Engineers test drive the Earth-bound twin of NASA’s Perseverance Mars rover for the first time in a warehouselike assembly room at the agency’s Jet Propulsion Laboratory in Southern California on September 1, 2020. This full-scale engineering version of Perseverance helps the mission team gauge how hardware and software will perform before they transmit commands to the real rover on Mars. This vehicle system test bed (VSTB) rover is also known as OPTIMISM (Operational Perseverance Twin for Integration of Mechanisms and Instruments Sent to Mars).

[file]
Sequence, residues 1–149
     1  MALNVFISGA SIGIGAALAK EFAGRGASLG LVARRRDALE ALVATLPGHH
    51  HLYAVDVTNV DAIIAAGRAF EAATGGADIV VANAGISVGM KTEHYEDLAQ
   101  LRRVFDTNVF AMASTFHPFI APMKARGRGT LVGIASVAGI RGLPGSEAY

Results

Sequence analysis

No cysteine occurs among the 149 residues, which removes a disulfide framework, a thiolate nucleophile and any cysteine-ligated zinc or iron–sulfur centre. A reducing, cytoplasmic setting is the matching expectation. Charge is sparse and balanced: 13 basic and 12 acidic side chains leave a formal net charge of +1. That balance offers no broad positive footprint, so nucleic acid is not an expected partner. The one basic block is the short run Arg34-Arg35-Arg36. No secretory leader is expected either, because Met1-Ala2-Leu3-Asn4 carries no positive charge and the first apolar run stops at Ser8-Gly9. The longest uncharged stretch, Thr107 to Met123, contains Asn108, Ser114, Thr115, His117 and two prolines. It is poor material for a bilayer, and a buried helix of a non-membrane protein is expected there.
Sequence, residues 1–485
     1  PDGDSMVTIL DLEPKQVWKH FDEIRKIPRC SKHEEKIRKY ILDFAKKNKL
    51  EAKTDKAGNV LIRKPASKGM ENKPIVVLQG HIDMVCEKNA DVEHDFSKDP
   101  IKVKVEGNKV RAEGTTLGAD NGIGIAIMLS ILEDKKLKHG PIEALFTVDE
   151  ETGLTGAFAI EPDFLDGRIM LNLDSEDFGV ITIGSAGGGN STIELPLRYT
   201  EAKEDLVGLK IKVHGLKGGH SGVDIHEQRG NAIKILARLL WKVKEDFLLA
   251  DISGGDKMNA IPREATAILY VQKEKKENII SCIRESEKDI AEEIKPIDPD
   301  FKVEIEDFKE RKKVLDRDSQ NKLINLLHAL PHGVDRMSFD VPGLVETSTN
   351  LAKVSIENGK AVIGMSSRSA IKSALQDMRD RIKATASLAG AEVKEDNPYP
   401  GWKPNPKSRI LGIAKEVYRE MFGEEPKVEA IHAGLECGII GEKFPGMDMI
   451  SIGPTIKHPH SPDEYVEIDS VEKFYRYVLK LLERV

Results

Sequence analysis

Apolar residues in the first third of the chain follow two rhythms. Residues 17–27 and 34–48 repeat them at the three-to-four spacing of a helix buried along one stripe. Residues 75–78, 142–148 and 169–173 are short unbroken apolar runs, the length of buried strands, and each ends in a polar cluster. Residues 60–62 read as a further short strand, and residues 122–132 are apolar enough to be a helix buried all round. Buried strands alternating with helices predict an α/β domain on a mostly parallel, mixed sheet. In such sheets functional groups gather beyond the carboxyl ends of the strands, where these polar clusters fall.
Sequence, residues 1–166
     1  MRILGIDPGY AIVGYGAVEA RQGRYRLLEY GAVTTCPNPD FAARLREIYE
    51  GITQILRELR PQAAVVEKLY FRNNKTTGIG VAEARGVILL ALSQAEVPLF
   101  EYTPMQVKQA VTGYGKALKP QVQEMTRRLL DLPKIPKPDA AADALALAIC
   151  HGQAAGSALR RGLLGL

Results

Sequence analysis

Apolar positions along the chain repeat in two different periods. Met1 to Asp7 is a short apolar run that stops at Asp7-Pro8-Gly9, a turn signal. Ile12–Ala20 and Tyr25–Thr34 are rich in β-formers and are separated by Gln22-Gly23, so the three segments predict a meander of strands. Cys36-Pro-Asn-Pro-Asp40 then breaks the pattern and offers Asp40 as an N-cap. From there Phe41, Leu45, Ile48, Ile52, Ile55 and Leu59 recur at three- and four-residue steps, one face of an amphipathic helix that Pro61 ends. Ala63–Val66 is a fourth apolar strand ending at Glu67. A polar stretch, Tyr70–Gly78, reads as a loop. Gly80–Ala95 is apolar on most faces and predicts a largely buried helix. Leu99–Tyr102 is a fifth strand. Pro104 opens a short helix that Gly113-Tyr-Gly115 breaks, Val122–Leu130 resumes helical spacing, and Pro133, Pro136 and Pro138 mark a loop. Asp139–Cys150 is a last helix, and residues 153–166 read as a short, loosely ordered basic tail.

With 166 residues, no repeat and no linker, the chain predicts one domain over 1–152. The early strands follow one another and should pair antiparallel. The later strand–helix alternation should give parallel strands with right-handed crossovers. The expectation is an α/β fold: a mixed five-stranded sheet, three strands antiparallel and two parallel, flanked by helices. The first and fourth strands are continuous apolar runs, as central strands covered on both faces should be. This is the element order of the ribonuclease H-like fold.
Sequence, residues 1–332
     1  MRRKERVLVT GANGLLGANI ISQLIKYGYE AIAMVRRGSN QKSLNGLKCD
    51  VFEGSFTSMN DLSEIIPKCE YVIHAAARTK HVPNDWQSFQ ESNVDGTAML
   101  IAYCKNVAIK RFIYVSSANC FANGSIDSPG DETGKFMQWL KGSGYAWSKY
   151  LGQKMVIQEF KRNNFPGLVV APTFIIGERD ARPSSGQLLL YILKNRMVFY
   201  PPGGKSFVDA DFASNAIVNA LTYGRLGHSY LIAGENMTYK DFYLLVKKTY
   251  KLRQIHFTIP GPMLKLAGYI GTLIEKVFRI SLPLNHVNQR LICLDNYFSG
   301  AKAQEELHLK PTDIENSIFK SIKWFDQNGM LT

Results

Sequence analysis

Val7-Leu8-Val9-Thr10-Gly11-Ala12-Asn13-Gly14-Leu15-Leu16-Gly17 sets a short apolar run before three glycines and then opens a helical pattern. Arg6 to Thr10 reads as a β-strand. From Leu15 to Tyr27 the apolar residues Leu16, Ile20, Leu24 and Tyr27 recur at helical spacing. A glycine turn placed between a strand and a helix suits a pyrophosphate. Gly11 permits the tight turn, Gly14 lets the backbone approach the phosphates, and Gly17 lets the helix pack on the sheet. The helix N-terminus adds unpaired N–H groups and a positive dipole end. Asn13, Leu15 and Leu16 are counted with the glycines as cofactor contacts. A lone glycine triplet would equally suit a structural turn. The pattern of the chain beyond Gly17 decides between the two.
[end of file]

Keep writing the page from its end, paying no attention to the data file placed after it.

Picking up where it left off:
The Mars 2020 Perseverance astrobiology mission is part of America’s larger Moon to Mars exploration approach that includes missions to the Moon as a way to prepare for human exploration of the Red Planet. Charged with sending the first woman and next man to the Moon by 2024, NASA will establish a sustained human presence on and around the Moon by 2028 through NASA’s Artemis program.
JPL, which is managed for NASA by Caltech in Pasadena, California, built and manages operations of the Perseverance rover.